In the Court of Appeal case of “Beatty v. Wei” found that despite a Seller’s representation during the time they had owned a property, that the property had not been used as a grow op, the effective date of the truth of the representation made to “the best of the Seller’s knowledge and belief” was at the time that the representation was made. Without the language in the clause that the representation continued until closing, the representation did not continue, and, in this case, it was discovered that the property had in fact been used as a grow op at some time prior, but that fact was unknown by the Seller and the Seller was not liable.  The emphasis to be placed on representation is the knowledge of the Seller when the representation was given and not on whether the property had been used as a grow op.

The representation given was limited to the Seller’s knowledge at the time given and was not absolute.

If the Buyer wants the representation to apply up to the date of closing, the Agreement of Purchase and Sale should be written to include this timeframe. Since the clause did not reflect “up to the date of closing”, the representation only applied to the date of execution of the Agreement of Purchase and Sale.

We all rely on “to the best of my knowledge and belief” in our agreements, so it is important to realize that without language that makes the knowledge apply to the date of closing, the effectiveness of the representation is limited to the date it is given.  Even if the Buyer finds out prior to closing that there was a grow op, the Buyer does not have the right to terminate the Agreement of Purchase and Sale.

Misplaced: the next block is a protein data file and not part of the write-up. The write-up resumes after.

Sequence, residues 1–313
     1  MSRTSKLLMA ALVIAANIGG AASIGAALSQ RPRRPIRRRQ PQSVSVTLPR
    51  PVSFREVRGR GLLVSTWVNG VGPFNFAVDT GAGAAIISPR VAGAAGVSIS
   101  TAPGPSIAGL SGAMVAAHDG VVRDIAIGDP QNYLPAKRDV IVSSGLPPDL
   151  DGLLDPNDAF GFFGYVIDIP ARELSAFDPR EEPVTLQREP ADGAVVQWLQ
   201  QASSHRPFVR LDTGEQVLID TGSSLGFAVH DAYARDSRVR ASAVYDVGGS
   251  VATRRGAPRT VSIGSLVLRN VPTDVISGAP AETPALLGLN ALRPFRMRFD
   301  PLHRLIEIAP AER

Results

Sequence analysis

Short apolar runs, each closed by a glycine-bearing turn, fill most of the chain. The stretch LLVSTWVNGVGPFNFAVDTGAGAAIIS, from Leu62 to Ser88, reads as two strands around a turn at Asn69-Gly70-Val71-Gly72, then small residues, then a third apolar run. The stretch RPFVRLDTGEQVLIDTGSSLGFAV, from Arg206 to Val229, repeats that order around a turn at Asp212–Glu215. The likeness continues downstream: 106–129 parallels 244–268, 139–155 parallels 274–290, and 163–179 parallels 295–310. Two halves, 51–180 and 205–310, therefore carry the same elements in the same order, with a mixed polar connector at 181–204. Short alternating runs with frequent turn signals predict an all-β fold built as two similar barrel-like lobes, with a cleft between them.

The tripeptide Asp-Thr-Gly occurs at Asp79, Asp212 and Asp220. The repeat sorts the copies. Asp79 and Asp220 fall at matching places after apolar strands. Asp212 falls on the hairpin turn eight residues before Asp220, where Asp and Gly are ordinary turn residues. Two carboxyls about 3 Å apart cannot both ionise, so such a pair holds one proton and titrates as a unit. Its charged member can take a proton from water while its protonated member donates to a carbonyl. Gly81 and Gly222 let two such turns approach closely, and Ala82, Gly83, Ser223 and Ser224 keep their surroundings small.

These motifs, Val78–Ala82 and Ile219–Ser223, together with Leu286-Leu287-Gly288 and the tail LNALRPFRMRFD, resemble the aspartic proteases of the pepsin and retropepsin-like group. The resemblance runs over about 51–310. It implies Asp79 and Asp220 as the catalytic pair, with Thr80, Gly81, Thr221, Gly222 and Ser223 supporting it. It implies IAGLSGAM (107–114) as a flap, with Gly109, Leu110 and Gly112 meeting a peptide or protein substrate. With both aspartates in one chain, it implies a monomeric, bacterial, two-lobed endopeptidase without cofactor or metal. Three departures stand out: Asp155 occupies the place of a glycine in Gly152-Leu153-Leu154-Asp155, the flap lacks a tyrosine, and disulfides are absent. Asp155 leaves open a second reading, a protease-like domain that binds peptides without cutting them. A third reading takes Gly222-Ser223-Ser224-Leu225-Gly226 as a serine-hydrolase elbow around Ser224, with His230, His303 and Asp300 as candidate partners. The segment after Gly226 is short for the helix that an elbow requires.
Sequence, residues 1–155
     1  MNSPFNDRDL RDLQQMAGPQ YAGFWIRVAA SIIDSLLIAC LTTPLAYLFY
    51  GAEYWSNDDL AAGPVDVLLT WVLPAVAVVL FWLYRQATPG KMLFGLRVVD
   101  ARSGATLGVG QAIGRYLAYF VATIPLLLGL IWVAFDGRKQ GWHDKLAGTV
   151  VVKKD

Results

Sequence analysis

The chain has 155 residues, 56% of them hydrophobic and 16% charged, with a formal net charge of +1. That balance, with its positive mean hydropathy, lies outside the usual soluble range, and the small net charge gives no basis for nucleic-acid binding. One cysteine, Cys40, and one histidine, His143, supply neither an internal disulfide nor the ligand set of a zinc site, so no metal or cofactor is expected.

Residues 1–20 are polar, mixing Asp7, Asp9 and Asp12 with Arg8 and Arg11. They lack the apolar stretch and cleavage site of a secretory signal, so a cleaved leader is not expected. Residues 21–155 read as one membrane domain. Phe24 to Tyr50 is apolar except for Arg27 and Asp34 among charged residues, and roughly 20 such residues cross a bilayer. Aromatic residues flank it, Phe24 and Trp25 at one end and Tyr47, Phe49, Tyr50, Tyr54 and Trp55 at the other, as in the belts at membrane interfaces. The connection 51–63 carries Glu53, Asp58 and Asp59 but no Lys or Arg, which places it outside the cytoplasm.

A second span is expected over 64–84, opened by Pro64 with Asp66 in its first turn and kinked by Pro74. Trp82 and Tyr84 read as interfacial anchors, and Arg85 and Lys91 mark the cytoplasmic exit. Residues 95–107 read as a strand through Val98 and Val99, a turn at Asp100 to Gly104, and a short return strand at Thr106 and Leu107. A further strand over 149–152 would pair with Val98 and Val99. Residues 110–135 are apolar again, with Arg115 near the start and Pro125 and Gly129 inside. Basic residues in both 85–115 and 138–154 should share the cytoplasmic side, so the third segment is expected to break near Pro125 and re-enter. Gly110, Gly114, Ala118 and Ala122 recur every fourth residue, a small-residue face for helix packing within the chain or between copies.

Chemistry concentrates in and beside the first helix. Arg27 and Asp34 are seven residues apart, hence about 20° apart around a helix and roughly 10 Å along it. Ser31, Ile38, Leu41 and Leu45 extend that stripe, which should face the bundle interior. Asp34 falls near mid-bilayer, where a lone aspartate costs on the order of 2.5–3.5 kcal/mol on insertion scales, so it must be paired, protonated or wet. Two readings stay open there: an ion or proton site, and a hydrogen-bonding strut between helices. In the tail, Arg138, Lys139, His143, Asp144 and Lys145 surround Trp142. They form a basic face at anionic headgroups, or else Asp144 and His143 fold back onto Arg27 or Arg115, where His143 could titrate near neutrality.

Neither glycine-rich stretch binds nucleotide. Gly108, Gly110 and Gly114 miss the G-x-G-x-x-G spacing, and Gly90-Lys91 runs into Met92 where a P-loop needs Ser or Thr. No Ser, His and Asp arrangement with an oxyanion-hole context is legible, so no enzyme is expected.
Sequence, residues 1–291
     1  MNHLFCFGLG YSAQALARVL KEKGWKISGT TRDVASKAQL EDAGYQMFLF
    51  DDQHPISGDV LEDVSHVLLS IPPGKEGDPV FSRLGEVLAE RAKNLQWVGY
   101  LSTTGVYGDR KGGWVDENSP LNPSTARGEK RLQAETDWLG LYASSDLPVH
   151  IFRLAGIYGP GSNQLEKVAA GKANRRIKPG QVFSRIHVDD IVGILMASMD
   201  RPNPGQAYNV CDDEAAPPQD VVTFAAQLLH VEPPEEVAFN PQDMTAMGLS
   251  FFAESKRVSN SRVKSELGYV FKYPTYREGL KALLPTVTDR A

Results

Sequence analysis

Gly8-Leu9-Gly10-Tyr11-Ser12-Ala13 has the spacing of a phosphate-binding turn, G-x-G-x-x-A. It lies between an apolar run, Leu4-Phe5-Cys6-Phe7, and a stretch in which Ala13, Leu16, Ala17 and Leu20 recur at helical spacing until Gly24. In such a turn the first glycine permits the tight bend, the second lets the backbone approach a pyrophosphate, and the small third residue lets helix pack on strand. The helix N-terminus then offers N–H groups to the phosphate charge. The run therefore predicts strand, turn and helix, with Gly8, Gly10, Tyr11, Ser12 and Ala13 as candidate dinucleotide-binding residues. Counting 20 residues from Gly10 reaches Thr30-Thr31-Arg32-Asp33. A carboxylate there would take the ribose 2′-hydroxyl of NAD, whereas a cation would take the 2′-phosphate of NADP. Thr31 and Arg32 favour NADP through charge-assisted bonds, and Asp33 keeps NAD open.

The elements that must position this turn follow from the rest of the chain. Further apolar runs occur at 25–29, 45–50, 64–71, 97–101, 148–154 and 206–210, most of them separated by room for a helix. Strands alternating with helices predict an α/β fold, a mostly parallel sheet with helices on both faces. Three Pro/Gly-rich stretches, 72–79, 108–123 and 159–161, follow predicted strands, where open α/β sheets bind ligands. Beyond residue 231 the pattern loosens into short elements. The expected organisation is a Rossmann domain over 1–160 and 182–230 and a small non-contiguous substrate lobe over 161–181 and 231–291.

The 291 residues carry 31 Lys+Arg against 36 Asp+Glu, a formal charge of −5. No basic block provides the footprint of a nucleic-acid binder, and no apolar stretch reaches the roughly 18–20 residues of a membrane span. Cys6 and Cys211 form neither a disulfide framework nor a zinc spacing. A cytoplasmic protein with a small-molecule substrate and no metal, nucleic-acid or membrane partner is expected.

Knowledge is Power, which results in more business!

If you have any questions or concerns, please feel free to contact us at your convenience.  If you have any suggestions for future topics please let us know.

Contact toll free: 1-877-744-2281     Online: www.paquettetravers.com

Watch for more Travers Tidbits to follow each month!

What Is a Zombie Deed / Transfer?

houseforsale

It has nothing to do with Halloween!  A Zombie deed is a transfer which is registered after the death of the owner of the property. In the past if an owner was dying, lawyers would get the deed signed before the closing date of a sale, and hold it until the closing day and register it then. If the owner passed away before closing, the transaction could still close on time without the need for Probate. These deeds were held to be valid in the case of Winarksi v. Sproul The Winarski case lead to the practitioners seeing the Zombie deed as a way of avoiding the provincial taxation or the value of the property. There were certain requirements for the deed to be valid , including that it would be binding after death and it was delivered to an Ontario Lawyer unconditionally and irrevocable. The registry office will now no longer permit the registration of Zombie Deeds, if discovered.

Knowledge is Power, which results in more business!

If you have any questions or concerns, please feel free to contact us at your convenience. If you have any suggestions for future topics please let us know.

Prepared by Don Travers, Solicitor with Paquette & Travers . Contact toll free: 1-877-744-2281 Online: www.paquettetravers.com

Watch for more Travers Tidbits to follow each month!

What is “First Dealings for Estate Sales”?

Dream house.

Recently I have had several agents raise questions on a clause in an Estate sale which referred to first dealings and the fact that probate might not be needed. So what is a “First Dealings for Estate Purposes.”

The requirement in Land Titles is that upon the death of an owner, the estate trustee must obtain probate. The conversion of properties from the old registry system to Land Title has lead to an exemption from the requirement for Probate for these converted properties to Land Title Qualified.